Here in New Mexico where I live, the light is incredibly bright. It has definitely been an influence on the intensity of the colors that I use. Sometimes however, a need arises for the use of less bright colors. For example in the painting In The Pines, I used only black paint on the raw canvas ground. In The Pines was inspired by the Huddie Ledbetter song of the same name that I grew up listening to. The color choices were informed by the title of the song, whereas in other paintings the title may be a response to the intuitive use of color.

    CS: I’m interested in that “sweet spot” where looseness and accuracy in a painting meld perfectly. Do you think about this?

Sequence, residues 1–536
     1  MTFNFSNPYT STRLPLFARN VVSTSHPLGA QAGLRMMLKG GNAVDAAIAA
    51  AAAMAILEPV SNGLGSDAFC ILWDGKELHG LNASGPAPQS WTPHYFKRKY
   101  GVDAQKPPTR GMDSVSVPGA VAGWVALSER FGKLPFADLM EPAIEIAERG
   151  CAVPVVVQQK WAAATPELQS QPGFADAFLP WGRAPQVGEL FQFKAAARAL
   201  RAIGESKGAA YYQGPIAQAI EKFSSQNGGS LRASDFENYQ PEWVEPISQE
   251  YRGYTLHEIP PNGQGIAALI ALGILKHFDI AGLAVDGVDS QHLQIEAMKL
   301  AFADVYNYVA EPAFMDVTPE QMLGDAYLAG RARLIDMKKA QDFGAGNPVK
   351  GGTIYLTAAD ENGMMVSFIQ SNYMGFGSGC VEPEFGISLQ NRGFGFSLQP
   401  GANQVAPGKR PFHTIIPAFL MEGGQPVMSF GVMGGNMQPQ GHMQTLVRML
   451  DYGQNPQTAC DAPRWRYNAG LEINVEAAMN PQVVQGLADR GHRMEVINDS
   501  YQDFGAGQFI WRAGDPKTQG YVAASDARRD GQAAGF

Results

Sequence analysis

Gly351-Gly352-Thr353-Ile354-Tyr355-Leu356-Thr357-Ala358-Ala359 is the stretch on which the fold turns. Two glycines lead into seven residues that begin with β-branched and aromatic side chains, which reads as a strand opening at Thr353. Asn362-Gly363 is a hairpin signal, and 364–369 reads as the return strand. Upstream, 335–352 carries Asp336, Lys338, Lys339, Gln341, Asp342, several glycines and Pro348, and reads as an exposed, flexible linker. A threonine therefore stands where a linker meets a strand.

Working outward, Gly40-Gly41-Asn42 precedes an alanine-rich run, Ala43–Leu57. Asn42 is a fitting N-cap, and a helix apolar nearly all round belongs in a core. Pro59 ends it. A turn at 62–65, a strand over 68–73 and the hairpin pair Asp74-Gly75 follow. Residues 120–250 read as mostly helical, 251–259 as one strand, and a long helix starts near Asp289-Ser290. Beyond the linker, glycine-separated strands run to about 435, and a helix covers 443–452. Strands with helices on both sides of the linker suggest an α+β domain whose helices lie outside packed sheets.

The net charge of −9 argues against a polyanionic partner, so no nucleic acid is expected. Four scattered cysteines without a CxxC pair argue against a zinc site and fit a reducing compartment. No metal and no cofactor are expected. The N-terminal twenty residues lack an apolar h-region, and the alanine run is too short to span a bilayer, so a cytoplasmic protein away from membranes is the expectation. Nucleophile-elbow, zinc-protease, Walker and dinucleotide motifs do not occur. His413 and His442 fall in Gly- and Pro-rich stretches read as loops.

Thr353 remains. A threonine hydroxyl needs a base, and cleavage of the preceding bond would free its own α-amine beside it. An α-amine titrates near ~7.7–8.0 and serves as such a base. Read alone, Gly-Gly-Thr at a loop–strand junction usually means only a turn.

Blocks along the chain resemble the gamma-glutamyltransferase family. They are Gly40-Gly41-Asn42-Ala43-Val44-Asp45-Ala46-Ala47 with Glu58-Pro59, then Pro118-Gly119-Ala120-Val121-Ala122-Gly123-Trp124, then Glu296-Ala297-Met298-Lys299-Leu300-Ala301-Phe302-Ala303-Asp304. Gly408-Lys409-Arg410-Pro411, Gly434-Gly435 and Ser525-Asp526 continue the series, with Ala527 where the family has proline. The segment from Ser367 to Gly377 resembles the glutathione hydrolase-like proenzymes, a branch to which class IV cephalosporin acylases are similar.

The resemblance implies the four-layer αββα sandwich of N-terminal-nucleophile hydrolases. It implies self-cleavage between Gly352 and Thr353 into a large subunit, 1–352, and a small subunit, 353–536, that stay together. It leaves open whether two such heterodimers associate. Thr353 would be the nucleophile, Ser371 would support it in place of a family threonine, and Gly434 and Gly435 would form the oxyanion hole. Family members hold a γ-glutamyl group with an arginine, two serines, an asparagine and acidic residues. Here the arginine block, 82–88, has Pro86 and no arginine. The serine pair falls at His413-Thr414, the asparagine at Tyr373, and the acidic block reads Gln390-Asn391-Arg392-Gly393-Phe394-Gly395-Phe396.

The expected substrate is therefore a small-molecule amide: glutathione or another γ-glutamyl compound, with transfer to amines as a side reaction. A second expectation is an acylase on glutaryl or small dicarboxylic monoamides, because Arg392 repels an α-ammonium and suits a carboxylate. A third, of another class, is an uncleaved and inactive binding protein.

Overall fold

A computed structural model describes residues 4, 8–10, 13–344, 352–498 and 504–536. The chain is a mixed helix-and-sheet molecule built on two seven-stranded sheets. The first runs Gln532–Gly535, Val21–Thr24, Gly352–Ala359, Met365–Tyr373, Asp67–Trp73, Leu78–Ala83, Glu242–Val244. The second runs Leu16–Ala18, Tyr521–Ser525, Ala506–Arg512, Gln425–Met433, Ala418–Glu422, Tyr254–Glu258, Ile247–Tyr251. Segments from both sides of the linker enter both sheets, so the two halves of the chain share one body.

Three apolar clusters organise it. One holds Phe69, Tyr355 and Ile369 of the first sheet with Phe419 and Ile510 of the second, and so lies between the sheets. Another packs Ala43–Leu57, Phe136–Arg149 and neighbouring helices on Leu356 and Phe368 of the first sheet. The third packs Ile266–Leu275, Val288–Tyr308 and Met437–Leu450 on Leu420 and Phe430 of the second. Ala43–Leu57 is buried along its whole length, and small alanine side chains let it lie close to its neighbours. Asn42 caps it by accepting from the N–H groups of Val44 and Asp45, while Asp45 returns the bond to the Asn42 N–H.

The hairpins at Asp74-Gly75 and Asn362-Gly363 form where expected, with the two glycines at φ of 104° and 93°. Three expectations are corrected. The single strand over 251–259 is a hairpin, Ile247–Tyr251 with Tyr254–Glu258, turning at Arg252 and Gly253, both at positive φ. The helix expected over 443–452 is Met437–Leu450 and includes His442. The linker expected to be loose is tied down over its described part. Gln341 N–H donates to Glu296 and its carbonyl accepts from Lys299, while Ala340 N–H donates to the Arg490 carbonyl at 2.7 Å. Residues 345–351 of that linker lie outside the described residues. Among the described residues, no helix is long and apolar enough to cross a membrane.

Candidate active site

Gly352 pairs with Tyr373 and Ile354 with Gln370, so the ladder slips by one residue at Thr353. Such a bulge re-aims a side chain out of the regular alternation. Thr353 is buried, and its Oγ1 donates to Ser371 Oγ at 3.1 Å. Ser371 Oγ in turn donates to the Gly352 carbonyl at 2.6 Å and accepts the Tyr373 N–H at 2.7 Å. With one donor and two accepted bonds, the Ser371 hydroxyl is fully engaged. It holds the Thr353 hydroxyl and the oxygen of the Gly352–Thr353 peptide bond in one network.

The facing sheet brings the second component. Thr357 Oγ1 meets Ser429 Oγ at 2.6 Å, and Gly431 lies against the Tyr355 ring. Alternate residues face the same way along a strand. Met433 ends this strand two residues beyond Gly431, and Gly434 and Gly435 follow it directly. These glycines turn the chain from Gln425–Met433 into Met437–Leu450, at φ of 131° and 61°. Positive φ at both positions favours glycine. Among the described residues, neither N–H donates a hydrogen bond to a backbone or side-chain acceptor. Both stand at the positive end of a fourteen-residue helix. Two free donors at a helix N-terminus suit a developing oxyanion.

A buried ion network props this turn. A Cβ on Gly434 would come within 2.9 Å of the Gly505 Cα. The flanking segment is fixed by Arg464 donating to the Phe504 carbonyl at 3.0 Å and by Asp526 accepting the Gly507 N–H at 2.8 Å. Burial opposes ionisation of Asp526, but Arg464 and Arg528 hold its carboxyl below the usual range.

JPA: I do, and this has led me to use tape in my process. I use tape as a tool to organize space. It also provides an economical structure that corrals previous layers. With the tape I’ve also found that there can still be a human presence, and evidence of the hand. A tear, or an imperfect cut of the tape, using a ruler and blade, becomes indexed in the process.

    I’ll often begin painting with acrylic and brush, or spray paint. Referencing the grid, with stripes, dots, diamonds, etc. I know the “sweet spot” will be arrived at when these layers, applied relatively quickly, will be overlapped with the perceived accurateness of the tape and slowness of it’s application. Eventually there is a zeroing in, and this is when a loss of time occurs and I find myself concerned only with the success of the image. In that moment, nothing else matters. *